In Toronto, a group of volunteer "park rangers" have started turning local yards and public spaces into a giant urban park.
Inspired by an idea from Richard Louv—an author known for coining the phrase "nature deficit disorder"—the Homegrown National Park Project is spearheaded by the David Suzuki Foundation, an environmental nonprofit based in Toronto.
"We were interested in crowdsourcing a green corridor through a city using people’s front yards, backyards, and balconies," says Jode Roberts from the Suzuki Foundation.
"We’re playing with the idea of an urban environment becoming a national park. It’s very unlikely that the city of Toronto will become a national park in the traditional sense, but part of the fun is that we’re imposing this very different frame on the city, and trying to get people to think differently about how green our city is."
The site runs along a "lost river" called Garrison Creek; like many cities, Toronto was built along streams that were eventually filled and paved once they became polluted. The Garrison, which used to be a place where people could fish for salmon or take a trip in a canoe, is still underground, but the group wanted to remind neighbors that it exists.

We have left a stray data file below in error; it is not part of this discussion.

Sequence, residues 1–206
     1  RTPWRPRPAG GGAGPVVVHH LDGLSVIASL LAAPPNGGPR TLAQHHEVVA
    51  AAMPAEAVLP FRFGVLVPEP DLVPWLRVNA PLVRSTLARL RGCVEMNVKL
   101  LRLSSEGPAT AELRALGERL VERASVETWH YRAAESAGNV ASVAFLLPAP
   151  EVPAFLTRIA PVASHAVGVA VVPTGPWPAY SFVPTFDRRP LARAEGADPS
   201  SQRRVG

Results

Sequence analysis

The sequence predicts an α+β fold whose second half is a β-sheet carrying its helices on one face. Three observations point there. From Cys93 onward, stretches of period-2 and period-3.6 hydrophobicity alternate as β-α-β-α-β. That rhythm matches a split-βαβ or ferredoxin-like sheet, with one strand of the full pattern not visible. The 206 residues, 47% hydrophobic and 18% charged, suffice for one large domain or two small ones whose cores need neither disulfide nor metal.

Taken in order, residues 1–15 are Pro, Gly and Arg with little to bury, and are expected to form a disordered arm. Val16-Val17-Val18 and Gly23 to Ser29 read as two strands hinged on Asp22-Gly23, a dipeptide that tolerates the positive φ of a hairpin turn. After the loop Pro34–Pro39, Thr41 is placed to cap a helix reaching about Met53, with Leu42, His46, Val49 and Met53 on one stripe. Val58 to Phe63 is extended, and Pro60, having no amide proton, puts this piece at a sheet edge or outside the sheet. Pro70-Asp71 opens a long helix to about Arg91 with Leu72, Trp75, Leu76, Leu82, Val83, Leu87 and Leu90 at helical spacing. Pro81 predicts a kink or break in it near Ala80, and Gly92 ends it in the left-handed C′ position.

"We wanted to connect the people who lived throughout this corridor both with an ecological past and a potential future that might be much greener," Roberts explains.
After putting out a call for neighbors interested in volunteering to be community leaders, the group picked 21 park rangers to work on the project over the summer. They gave the volunteers some basic training in skills like fundraising, introduced them to local groups like the Toronto Beekeepers, and showed them a few examples of urban interventions, such as guerrilla gardening and moss graffiti.
"In the summer, we released the park rangers out into the world, not knowing exactly what would happen—we didn’t prescribe exactly what they should do," says Roberts.
In the end, the volunteers did everything from planting a network of flowers that would support pollinating insects to building park benches in front of their homes. Someone turned a persistent pothole in their street into a mini-garden. Others added rearrangeable words to a chain link fence. Not all of the projects were strictly environmental, since part of the plan was simply to help create a sense of community.
Though the interventions were small, Roberts says they’re all part of building a social infrastructure that can support natural space in the city. Next year, a new class of volunteers will continue adding more projects, and by 2015, the Suzuki Foundation hopes to have homegrown park rangers in each of the city’s 44 wards, helping stitch together green space that connects all 3 million residents.